In the spirit of nineteenth-century literature comes a meticulously crafted historical novel tinged with modern melancholy.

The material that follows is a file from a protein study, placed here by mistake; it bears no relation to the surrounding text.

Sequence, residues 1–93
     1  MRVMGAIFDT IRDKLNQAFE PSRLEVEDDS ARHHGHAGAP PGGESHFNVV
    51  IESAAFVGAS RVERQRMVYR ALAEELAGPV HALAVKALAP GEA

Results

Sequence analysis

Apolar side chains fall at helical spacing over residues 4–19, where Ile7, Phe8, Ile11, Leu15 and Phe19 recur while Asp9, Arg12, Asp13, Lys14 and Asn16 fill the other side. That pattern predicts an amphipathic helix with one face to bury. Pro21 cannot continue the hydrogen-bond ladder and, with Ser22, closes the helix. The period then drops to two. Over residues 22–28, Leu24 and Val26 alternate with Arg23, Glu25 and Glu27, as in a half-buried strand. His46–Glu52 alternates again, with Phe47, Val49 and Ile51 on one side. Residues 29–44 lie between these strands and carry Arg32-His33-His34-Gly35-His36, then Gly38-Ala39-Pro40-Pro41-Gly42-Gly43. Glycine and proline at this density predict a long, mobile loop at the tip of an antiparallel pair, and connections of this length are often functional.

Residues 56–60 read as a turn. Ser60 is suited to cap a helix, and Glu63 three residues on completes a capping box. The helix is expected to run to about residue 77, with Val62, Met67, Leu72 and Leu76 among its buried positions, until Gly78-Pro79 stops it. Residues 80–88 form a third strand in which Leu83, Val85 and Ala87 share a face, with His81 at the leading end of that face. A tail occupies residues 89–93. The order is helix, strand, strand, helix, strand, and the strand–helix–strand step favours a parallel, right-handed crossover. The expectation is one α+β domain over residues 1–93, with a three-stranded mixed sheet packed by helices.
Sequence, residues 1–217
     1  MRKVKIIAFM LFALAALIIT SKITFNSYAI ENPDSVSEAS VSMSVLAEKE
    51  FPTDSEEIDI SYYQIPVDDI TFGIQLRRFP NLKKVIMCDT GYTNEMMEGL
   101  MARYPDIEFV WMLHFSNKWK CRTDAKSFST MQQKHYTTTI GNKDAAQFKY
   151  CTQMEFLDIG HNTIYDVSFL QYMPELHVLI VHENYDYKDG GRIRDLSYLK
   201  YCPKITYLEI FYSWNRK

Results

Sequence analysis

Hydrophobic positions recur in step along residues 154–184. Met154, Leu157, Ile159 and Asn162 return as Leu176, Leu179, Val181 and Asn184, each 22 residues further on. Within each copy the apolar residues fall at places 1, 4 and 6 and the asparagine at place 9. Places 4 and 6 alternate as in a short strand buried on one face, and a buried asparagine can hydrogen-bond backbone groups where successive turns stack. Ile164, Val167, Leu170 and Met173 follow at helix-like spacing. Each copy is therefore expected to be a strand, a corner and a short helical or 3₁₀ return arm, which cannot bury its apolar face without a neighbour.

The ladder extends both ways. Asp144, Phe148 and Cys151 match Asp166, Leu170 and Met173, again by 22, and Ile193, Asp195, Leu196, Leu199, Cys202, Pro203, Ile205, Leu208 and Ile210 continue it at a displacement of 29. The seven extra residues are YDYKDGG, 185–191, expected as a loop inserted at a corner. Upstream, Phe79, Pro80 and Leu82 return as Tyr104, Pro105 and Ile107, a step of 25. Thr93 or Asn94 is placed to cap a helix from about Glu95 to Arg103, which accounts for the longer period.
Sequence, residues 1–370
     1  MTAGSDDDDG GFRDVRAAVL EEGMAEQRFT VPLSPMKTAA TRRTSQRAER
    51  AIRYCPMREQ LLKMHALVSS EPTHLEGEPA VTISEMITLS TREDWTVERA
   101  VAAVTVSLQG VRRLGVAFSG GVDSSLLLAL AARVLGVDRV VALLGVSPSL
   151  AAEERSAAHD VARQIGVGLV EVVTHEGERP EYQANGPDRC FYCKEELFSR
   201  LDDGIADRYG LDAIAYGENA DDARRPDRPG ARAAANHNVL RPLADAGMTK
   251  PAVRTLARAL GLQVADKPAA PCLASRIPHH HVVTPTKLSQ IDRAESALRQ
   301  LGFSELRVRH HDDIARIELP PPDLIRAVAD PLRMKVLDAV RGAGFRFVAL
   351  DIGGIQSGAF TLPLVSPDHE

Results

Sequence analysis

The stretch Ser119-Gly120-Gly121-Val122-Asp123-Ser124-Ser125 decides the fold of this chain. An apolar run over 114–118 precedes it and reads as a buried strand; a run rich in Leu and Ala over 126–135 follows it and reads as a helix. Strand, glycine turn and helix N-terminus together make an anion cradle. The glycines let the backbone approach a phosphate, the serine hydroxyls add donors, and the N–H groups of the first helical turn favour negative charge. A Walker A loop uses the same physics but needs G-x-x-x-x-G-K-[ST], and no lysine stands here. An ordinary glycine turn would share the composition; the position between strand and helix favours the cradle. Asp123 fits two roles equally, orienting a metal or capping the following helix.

"This full-fledged first novel points, first, to the author's obvious understanding of the need for fluid, rather than obtrusive, use of history in fiction. It points, second, to the adjustments in social attitudes that European immigrants made when settling in America and settling into less-formal American customs. Readers quickly come to appreciate the correlation between Gregory's purposefully rich language and the florescent tone of the literature of the day. The time frame stretches—no suggestion here of any thinness of plot—from 1849 to 1929. The settings range from London to Philadelphia to the Wisconsin cities of Madison and Milwaukee to rural Iowa. The central thread is the life of Elizabeth Gow, who, as a young Englishwoman, accompanies her scholar father to America as he pursues better recognition of his erudition. Elizabeth's story is twofold: her coming-of-age and, after the early death of her father, her assumption of control over her future and fortunes—both aspects of the story leading to Elizabeth's transfiguration into an American."—Booklist